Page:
log in or register to remove this ad

 

D&D 5E Charm, the evil spells


log in or register to remove this ad

Fanaelialae

Legend
Just learning to control minds in the first place is evil. It’s the only hypothetical knowledge that is evil to obtain.
Why is learning to mind control inherently more evil than learning to kill? Presumably, you don't have to actually mind control anyone to learn a mind control spell, any more than you need to own a magic item to learn Identify. Even if you do, there's no reason it couldn't be a volunteer (perhaps a fellow apprentice) who has consented to being charmed in return for practicing their spells on you.
 

Raduin711

Adventurer
I played a 3.5 eberron campaign as a Telepath Psion who used mind-effecting powers nearly exclusively, including dominate. I played him as LG. Or, he believed he was LG. YMMV.

He always tried to use diplomacy first in any conflict if it could be helped. He didn't use any mind-effecting powers for diplomacy, but he was very good at it, and he avoided some fights.

He actually had a power called Telempathic Projection, that could give bonuses to diplomacy by influencing another person's mood, but never used it, as he felt that was a bit underhanded in honest negotiation.

Once combat broke out, his justification was this: dominating his foes robbed them of their free will, yes... but temporarily. Death also robs a person of their free will, and permanently. Mind-control was the lesser of two evils then, because his foe would live to see another day. After the combat if his dominated foe was still alive he would force them to flee.

He also recognized that mind-effecting every opponent was impractical, and used powers like Mind Thrust as well.

I think he was LG, but you are free to disagree if you want. One party member would regularly tell him he was evil, and he did build up a rather terrifying reputation.... shrug
 

Fanaelialae

Legend
Not all violence is murder. But intentionally killing a person when it's not necessary for protection is exactly what murder means, at least in an ethical sense.
I would take it a step further and argue that all violence is a violation of self. It's simply that we say its acceptable in certain cases (self defense) but not in others (punching your neighbor because you felt like it).
 

billd91

Hobbit on Quest (he/him)
I think there's some very... quirky... splitting of moral hairs here. This and other threads over the years are enough to make me really grateful that alignment has been so de-emphasized, particularly in mechanical terms, in the current edition of D&D.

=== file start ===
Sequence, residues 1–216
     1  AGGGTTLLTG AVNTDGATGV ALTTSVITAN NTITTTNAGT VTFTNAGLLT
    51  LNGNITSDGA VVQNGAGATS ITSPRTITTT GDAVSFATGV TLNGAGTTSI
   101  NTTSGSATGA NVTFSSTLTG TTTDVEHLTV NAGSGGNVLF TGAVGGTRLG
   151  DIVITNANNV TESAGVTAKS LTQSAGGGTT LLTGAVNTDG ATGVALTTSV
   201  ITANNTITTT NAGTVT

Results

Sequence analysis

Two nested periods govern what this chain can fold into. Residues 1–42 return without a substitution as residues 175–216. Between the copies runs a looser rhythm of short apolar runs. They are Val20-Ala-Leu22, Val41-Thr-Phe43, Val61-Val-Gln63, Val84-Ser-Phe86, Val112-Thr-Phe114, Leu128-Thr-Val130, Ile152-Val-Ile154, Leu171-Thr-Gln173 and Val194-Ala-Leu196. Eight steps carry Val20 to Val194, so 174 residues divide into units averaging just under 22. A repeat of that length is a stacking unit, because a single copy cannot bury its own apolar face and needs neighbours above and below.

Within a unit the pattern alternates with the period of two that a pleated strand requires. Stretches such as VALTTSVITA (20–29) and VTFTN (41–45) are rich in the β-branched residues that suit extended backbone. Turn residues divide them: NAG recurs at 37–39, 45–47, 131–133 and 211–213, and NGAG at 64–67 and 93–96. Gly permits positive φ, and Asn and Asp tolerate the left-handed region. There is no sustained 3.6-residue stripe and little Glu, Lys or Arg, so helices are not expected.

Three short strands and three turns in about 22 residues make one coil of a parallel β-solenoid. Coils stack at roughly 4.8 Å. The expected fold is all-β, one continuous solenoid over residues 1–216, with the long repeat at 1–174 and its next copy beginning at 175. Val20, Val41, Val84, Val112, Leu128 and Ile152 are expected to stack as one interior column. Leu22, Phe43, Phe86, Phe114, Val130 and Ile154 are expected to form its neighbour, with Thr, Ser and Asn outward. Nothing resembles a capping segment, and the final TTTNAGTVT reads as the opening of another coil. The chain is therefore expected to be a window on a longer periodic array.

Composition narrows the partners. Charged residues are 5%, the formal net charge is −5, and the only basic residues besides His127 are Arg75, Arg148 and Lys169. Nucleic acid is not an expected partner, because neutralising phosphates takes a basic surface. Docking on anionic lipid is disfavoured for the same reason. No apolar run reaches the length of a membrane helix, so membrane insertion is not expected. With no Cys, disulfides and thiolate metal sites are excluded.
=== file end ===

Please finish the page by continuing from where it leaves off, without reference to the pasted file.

Voadam

Legend
My plan with my good valor bard was to use suggestion to get info out of captured prisoners without the threat of torture that I saw being used a lot. Also "Surrender" as an in combat suggestion.

I had used charm person in AD&D and 3e for similar information gathering purposes when it made them treat you like a trusted best friend.
 

Ace

Adventurer
We regard narcissistic manipulation, gaslighting, DARVO and such as Evil in real societies. So is any malicious Witchcraft and the reality of it is irrelevant. Many parts of the world still kill suspected Witches.

Note Witch here used in its traditional form as user of harmful spells not the religion Wicca as such though there are huge parts of the real world world where practicing that faith isn't safe either.

Charm Person would probably be up there with Necromancy and known Enchanters at best distrusted.

Or it could just be ignored whatever works best for your game.

In my D&D worlds its treated like a gun, use it in defense of the community or to defend yourself or against monsters, no issues. Otherwise there will be consequences. Matters of sex are off screen in my games anyway though I'm sure there has been a case in which someone got consensually kinky with Dominate spells and it ended up in court. I'm not going to role play it out though.
 

Amrûnril

Explorer
Why is learning to mind control inherently more evil than learning to kill? Presumably, you don't have to actually mind control anyone to learn a mind control spell, any more than you need to own a magic item to learn Identify. Even if you do, there's no reason it couldn't be a volunteer (perhaps a fellow apprentice) who has consented to being charmed in return for practicing their spells on you.

In terms of learning the magic, I think there's an important distinction in that combat spells can be learned with the intent of using them against non-sapient threats, while most charm spells can't. That said, in the real world, we have plenty of people trained with weapon systems that are only useful against humans, and we don't call such people (soldiers) automatically evil.
 

pukunui

Legend
Neither say they have the charmed condition ...
You are correct that friends does not impose the charmed condition. Charm person, however, does. It may not use the word "condition", but a failure on the saving throw against the spell renders the target "charmed by you" for the duration. In this context, being charmed means having the charmed condition.

]Now I am a big proponent of martial abilities. I have even in other threads suggested that a high Cha rogue or fighter should be able to fast talk someone into being charmed as per the condition.
You mean like the swashbuckler rogue's Panache feature?

Tasha's Cauldron also gives the battle master fighter a new maneuver called Commanding Presence that lets them add a superiority die to their Charisma checks. (The UA playtest version of this maneuver was even called "Silver Tongue".)